Briefly talk about gifts in our lives and how much it means to us to receive a gift. Show the children the wrapped gifts and explain that Heavenly Father has given us special gifts because we are members of the church. Have someone choose one of the gifts. Have the pianist play a few notes of the song and ask the children to guess the song. After they have guessed the song, help them guess the blessing. They may need to sing the song before they will be able to discover what the blessing is.

The number on the back of the gift is keyed to a song on the list for the pianist.

#1 ---Priesthood ---"Love is Spoken Here" (CS90)
#2 ---Scriptures ---"The Golden Plates" (CS86)
#3 ---Baptism ---"Baptism" (CS100)
#4 ---Holy Ghost ---"I Know My Father Lives" (CS5)
#5 ---Prophets ---"Follow the Prophet" (CS110)
#6 ---Temples ---"I Love to See the Temple (CS95)

This just might be the week someone will have to substitute for me. We've had snow and it is always possible that we won't be able get down our road. We live about 7 miles down an isolated dirt road. The road also gets bad if it rains too much. This is kind of challenging since we are active members of a church with oodles of activities! But I love where we live, so we, and I guess everyone else, just have to put up with it.

Thursday, January 21, 2010

"How to Sing" Sticks

We've had lots of snow this week so I'm planning to take my snowflake "How to Sing" sticks to use with a few seasonal pictures to choose rest songs. The sticks have the usual phrases like "boys sing", "you conduct", "sing softly", "stand to sing", etc. I'll write the titles of rest/wiggle songs on the back of the pictures of fun winter activities and post them on the chalkboard. One child can pick a song and another can choose how to sing it.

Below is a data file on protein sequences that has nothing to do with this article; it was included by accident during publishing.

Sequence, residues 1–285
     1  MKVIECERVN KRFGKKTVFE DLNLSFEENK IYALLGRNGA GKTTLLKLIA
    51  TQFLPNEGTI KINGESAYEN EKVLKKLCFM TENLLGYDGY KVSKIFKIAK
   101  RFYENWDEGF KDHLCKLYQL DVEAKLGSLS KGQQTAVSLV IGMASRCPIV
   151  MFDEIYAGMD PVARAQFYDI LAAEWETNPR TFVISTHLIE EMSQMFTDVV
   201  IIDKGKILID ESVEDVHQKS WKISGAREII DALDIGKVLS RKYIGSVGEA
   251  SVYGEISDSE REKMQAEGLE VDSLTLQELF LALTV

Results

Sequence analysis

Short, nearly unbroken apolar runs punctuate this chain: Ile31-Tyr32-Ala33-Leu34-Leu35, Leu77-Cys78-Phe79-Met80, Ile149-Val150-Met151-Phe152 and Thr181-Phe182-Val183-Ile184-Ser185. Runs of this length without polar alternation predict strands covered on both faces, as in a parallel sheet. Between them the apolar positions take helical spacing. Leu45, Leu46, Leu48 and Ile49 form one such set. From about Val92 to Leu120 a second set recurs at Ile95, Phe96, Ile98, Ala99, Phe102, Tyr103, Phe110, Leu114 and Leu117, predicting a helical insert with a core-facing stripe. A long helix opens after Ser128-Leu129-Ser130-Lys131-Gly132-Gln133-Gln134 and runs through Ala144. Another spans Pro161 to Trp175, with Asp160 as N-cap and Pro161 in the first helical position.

This is a pretty standard plan, but always reliable. I'm teaching the second verse of "I Know That My Savior Loves Me" but I want to leave a little time for something different. I'm sure the children will be more than ready for some rest songs.

Wednesday, January 20, 2010

Song Review - Bell Game

I like to use a bell as an aid to review a song. I direct the children to start singing out loud and to listen for the bell. When I ring the bell they should continue to sing in their mind. When they hear the bell again, they should again sing out loud. Of course, the kids all want a turn with the bell and will sing the song several times. Getting the song "stuck in their mind" is the point of the game. Isn't it nice that children are so willing to think of simple things as a game?

I used the bell this last week to review "I Know That My Savior Loves Me." It was especially challenging for the kids because we didn't have a pianist to help, so coming back in at the same time was tricky! But, this actually worked in my favor as it compelled the kids to concentrate on the tempo. After a couple of times through the song, they did very well and we had lots of fun.

Tuesday, January 19, 2010

Pitch-level Conducting

Pitch level conducting focuses the attention of the children on the melody of the song and the up and down quality of pitch. This type of conducting is done by holding your hand in front of you in a flat position, then moving your hand up and down in precise movements, as the melody rises and falls. If the notes are repeated, just bounce your hand forward with each repeated note. You can add variety by moving your hand up and down your other arm or by showing the children how to use their whole bodies in an up and down movement.